3. Understand the President’s Weaknesses. A chief of staff needs to game out what the president needs. Jimmy Carter had a tendency for micromanagement that led to him personally attending to the White House tennis court schedule — possibly the iconic moment of his crippled presidency. His chiefs, Jack Watson and Hamilton Jordan, didn’t tame this tendency in their boss. As a former legislator, Gerald Ford was used to meeting one-on-one with legislators and staff but Chiefs of Staff Donald Rumsfeld and Dick Cheney, for whatever their later faults, understood that Ford had to be managed, lest he overcommit.
  4. Be a White House Veteran. It’s not enough just to be a Washington veteran. The best chiefs of staff have been White House — or at least Executive Office — veterans, too: James Baker, Leon Panetta, Erskine Bowles, Andy Card, Jack Lew. The White House is its own unique beast and time in the executive branch is different than time spent in, say, the House. This is important to understand, because the peculiar rituals of each office — the staff secretary and the National Security Council, the public liaison and the Domestic Policy Council — all have their own niches. Knowing them helps.
  5. Meet the Press, but Don’t Be Too Out Front. The best chiefs of staff have been good press manipulators, willing to talk to reporters but without taking the high-profile, Sunday morning role. Baker was probably the master of this, as were Lew, Cheney, and Rumsfeld. Being too out there can only diminish the president you’re serving. Sununu was too far out there as well. Sherman Adams, the first chief of staff under Dwight Eisenhower, was all-controlling until he was undone by accepting a vicuna coat as a gift. The joke circulating in D.C. at the time went like this: One Democrat says, "Wouldn't it be terrible if Eisenhower died and Nixon became president?" The other replied "Wouldn't it be terrible if Sherman Adams died and Eisenhower became president!"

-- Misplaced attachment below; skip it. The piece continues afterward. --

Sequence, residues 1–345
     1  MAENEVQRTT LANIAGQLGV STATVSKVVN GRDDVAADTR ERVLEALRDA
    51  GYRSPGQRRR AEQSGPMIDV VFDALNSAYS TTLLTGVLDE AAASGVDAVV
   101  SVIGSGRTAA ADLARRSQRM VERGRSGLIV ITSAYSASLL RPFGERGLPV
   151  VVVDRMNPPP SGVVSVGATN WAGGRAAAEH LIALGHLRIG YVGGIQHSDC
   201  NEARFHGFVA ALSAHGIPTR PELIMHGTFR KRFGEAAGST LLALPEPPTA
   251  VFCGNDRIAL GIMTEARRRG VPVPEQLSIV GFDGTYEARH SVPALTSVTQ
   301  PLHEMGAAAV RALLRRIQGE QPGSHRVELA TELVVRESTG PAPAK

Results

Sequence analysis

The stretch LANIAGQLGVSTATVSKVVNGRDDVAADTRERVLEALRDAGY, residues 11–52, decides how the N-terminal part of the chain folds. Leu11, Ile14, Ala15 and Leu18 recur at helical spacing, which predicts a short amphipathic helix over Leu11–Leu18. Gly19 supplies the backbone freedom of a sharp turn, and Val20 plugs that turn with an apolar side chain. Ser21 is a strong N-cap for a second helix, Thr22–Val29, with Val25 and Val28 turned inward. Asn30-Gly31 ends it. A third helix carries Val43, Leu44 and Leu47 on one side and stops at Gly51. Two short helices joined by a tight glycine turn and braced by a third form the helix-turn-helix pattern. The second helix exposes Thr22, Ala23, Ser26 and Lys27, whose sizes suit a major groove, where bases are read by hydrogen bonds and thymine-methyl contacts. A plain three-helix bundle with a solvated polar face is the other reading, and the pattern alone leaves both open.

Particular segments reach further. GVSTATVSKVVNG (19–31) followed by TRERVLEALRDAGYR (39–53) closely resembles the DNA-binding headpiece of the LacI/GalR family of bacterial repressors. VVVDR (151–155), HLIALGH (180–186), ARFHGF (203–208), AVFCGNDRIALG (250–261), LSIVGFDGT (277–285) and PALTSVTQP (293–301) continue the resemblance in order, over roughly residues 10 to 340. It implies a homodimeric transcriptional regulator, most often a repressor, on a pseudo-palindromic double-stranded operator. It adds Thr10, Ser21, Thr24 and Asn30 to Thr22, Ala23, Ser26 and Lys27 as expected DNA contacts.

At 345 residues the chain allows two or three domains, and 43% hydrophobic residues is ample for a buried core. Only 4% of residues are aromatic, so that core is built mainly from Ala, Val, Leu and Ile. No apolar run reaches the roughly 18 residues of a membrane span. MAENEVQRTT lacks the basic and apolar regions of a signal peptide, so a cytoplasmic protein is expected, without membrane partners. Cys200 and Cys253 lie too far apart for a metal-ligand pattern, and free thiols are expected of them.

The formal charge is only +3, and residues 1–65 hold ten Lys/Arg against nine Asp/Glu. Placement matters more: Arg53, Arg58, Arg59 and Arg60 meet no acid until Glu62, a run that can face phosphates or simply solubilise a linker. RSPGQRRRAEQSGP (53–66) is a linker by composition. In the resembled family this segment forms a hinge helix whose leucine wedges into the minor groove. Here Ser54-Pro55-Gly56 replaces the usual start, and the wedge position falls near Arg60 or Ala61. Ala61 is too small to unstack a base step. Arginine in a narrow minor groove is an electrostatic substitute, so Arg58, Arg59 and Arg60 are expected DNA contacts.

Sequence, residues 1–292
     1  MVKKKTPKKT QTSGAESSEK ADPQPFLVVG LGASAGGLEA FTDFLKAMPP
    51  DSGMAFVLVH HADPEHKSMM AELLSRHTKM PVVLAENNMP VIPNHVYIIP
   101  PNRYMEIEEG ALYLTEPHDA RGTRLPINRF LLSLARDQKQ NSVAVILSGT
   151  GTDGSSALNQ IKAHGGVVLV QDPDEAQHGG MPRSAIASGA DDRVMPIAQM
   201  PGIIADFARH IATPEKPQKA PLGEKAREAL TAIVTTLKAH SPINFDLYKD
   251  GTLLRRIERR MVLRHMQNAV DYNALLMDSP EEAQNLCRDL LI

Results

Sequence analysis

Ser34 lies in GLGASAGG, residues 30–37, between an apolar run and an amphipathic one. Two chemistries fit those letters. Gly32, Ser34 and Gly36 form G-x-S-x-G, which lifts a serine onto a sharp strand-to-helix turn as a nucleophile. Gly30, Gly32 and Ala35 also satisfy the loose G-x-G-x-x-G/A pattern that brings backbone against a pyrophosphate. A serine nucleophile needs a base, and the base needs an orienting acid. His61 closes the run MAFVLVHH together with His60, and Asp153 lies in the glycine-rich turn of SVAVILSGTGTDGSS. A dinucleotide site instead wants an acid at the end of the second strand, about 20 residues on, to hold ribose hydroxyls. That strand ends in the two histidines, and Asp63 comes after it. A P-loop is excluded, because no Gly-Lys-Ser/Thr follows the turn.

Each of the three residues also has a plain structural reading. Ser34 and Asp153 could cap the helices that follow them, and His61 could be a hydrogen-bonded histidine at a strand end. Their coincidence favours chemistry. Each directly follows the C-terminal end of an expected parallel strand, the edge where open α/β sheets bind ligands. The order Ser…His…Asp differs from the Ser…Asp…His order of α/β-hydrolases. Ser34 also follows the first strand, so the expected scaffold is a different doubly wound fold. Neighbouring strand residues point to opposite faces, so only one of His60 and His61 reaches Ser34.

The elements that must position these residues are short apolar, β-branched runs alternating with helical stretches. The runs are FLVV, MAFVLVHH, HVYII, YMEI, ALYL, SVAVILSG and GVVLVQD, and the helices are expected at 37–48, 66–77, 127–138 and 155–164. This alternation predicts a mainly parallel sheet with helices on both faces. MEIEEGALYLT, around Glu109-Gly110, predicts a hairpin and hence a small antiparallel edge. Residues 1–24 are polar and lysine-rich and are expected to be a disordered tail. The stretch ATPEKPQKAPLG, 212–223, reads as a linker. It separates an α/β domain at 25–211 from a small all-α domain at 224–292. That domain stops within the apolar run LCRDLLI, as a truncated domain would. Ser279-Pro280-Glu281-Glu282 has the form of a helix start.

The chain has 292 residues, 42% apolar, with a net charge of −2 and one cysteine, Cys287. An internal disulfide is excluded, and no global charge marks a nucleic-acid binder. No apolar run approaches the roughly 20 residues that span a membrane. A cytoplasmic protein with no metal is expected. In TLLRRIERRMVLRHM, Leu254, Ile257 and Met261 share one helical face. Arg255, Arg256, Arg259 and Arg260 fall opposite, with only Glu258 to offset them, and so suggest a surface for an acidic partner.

6. Fit the Moment. The White House is always busy, even when the president is in the last year of his second term. But it’s important to have a chief of staff who fits the moment. Rahm Emanuel made sense for the first kinetic years of the Obama administration where a member of the Democratic House Leadership was a wise choice to work with the Hill. But burning like a Roman candle made less sense after the Republicans took over the House. During Ronald Reagan’s second term, Howard Baker was the perfect choice after the Iran-Contra affair and the mess of Donald Regan. He was known as impeccably honest from the Watergate hearings and as the calm and trusted Republican leader in the Senate, which helped quiet Washington. Insiders like Ken Duberstein (Reagan) and John Podesta (Clinton) made sense as calm end-of-term managers, as did George W. Bush’s Josh Bolten.

Which brings you back to Leo McGarry. The backstory had him as a successful businessman and former Labor secretary and, yes, the president’s best friend. But he wasn’t a White House vet. And while John Podesta praised his lavish performance, Podesta said McGarry's not mean enough. That’s probably right. We'll see if McDonough can fit the bill. 

You can find interesting academic literature about the White House chief of staff here and here.